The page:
Because a monsoon without name could drown a lesser country than Singapore
but here, when we chew the meat off the rain, our teeth hit bone. Singapore,
home with hands of gold zip-tied behind its back, sweat in its eyes for
safekeeping, & the stray cats working their minor miracles all across Singapore.
I fell in love with a girl who said if you listen close at night you can hear
the air begging to be water. Later she told me she had lived in Singapore
too long to call it home anymore. She hated her name so together we made
her a new one, & like this she finally belonged to herself. Not like Singapore
where to belong is to leave, even summer constantly inventing itself with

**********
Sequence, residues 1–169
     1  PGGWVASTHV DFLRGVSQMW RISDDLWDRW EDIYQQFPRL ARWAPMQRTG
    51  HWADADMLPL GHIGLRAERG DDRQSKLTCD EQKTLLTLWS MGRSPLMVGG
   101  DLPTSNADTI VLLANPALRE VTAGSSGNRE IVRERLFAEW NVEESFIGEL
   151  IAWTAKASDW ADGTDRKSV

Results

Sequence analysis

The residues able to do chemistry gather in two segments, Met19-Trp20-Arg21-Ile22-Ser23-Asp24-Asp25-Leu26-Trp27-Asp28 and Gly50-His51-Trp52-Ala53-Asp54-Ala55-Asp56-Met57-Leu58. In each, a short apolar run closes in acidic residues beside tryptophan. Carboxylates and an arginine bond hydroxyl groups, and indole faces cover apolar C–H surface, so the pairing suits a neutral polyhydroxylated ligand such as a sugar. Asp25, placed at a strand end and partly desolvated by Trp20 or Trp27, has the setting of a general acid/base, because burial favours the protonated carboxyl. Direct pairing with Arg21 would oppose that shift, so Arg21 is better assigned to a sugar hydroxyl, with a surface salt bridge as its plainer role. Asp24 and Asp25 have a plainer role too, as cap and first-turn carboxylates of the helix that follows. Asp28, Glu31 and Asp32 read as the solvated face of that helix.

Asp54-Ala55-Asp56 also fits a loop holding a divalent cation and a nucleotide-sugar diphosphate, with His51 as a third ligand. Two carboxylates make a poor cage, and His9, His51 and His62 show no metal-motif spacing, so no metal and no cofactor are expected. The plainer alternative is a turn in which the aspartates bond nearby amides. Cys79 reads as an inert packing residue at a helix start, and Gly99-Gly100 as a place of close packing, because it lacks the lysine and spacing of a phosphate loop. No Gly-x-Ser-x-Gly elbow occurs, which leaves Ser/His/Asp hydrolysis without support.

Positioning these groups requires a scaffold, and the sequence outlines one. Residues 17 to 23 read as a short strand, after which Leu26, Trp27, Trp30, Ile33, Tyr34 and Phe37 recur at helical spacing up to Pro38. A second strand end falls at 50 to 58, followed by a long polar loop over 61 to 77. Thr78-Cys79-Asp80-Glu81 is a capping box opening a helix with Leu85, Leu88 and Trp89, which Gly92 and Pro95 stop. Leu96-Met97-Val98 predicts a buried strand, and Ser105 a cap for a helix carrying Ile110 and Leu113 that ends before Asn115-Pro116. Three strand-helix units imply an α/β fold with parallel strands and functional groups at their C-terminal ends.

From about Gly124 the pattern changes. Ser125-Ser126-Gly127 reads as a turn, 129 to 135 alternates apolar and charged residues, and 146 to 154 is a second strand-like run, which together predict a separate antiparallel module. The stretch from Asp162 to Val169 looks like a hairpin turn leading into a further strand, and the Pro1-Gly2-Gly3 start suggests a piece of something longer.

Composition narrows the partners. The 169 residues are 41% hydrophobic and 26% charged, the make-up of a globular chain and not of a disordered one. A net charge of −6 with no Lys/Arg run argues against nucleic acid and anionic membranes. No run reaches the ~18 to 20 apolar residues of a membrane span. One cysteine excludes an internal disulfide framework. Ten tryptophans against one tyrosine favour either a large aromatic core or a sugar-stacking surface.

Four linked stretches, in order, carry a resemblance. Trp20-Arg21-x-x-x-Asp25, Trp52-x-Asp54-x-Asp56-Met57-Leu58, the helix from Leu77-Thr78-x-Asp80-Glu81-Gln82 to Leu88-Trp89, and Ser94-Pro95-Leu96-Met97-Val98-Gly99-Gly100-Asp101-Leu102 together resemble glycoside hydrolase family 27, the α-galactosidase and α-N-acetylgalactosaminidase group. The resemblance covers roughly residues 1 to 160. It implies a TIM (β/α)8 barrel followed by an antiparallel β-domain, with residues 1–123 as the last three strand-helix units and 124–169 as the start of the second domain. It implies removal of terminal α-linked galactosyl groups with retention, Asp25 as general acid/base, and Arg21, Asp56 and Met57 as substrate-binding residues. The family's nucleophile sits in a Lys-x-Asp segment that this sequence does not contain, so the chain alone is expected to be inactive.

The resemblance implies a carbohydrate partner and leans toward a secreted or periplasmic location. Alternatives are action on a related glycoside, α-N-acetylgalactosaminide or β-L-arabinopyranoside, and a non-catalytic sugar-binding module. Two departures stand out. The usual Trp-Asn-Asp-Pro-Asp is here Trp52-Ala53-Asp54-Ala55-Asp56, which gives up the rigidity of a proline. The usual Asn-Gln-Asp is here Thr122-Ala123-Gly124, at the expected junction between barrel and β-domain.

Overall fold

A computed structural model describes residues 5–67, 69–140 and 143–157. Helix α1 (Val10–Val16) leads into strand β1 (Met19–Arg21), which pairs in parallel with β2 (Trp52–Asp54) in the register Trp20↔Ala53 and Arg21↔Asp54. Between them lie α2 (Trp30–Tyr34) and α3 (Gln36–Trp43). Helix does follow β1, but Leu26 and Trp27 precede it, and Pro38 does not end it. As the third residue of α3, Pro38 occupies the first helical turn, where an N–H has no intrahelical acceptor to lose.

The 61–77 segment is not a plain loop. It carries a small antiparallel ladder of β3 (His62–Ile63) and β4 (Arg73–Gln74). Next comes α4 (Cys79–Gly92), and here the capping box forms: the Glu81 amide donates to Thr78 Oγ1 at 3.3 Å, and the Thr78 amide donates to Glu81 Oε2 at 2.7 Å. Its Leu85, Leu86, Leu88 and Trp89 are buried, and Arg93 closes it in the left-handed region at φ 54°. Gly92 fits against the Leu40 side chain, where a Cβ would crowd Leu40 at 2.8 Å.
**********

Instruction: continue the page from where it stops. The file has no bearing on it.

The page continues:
a generosity easily mistaken for infidelity. I only fell in love with Singapore
when two aunties in the hawker stall line called me a slut in Mandarin, & as
I left with my nasi lemak I said thank you, not to them so much as you, Singapore,
with your mouth too big for maps, your soul air-conditioned out & crowded with
dawn-gorged mosquitoes who wreck our thighs, wreck our names, invent Singapore.